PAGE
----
At this point of the Washington Nationals’ dismaying season, Matt Williams can’t escape the reaction. When the second-year manager completed his postgame news conference following Tuesday’s collapse to the New York Mets, some booing came from behind the glass in an adjacent room reserved for exclusive fans. More derision rained down from the stands when he walked toward the mound in Wednesday’s loss to remove Stephen Strasburg from the game.
When a season of high expectations sputters, everything comes under scrutiny. There are many reasons the Nationals’ playoff chances are down to a long shot after getting swept by the Mets this week. Injuries, a roster with holes, underperforming players, defensive miscues and pitching inconsistencies have all undermined the season. But Williams, the 2014 National League manager of the year, has fallen under a particular scrutiny for matters of both strategy and style.
“It’s completely natural,” he said, seated on the couch in his office at Nationals Park before Wednesday’s game. “I said when [General Manager] Mike [Rizzo] hired me, ‘Who wouldn’t want to have these expectations?’ It means you’ve got a good club. So it’s part of it. It goes with the territory. If we don’t meet them, then it’s dissatisfying.”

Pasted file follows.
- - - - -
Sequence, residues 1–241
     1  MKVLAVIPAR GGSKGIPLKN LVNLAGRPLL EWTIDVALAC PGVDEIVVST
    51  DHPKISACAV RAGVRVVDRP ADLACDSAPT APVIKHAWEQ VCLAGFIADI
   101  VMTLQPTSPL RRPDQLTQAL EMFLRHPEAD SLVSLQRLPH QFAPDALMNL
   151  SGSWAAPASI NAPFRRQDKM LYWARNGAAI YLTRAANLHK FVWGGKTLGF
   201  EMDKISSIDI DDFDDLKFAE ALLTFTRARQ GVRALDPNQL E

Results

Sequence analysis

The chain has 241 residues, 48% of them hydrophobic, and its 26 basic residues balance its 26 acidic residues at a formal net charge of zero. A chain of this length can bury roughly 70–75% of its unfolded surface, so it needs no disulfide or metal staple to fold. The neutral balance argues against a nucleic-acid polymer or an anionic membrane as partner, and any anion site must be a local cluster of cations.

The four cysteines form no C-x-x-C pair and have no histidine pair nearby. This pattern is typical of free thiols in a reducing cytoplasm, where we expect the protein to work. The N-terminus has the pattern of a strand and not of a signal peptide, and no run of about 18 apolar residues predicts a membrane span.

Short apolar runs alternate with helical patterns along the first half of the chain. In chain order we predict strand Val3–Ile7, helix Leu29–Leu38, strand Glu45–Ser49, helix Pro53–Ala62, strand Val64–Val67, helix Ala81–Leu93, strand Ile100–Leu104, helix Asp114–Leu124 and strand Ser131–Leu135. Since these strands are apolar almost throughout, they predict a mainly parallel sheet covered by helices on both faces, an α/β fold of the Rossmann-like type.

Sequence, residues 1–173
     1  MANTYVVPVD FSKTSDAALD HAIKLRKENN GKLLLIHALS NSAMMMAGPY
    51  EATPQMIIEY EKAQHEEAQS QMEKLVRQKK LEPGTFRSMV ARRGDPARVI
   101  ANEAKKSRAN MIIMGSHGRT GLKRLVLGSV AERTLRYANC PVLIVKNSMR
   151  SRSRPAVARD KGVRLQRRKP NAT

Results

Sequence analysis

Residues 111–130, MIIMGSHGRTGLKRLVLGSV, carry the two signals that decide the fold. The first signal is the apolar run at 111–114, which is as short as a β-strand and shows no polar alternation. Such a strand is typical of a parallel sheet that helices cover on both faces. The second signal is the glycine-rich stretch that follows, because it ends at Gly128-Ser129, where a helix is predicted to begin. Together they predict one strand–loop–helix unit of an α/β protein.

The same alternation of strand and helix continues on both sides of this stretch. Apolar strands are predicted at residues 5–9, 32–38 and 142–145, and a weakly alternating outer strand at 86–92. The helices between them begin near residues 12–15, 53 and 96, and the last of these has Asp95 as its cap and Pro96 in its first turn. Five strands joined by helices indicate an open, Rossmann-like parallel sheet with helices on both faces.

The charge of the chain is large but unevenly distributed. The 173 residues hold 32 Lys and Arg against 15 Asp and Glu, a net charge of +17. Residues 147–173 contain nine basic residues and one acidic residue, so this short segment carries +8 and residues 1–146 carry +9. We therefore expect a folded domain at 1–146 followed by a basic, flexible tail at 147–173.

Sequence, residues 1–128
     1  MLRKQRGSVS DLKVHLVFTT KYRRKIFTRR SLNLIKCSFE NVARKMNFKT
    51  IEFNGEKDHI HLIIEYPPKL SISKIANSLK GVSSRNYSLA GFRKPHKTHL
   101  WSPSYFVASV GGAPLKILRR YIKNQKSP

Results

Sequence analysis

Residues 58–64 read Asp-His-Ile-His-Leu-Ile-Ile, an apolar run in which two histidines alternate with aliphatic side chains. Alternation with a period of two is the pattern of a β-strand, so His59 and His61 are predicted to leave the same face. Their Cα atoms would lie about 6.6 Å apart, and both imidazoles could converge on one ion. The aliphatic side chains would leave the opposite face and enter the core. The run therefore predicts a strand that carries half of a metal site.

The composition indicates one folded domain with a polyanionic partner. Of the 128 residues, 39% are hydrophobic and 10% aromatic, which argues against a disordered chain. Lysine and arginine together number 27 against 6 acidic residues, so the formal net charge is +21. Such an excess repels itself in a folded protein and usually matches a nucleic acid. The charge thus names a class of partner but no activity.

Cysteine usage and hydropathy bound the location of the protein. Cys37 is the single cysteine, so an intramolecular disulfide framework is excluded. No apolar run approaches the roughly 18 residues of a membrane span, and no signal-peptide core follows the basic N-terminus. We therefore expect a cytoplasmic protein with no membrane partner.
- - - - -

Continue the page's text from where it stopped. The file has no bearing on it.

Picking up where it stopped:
Rizzo, whose job is considered safe, refused earlier this week to talk about Williams’s job status beyond the end of this season. “We have 25 games left,” Rizzo said. “Matt Williams is our manager, and he’s going to lead us through this stretch. I’ve always supported him. We’re not going to talk about 2016 while 2015 is ongoing.”
In the clubhouse, there is a sense among some players of indifference toward their manager. Players understand Williams was in a challenging position: a first-time manager tasked with leading a World Series favorite, but they also see in-game decisions that have backfired. Some privately have questioned playing time choices and pitcher usage. And sometimes lack of playing time, a quick hook from a game or in-game strategic call from the dugout can be interpreted as a lack of confidence.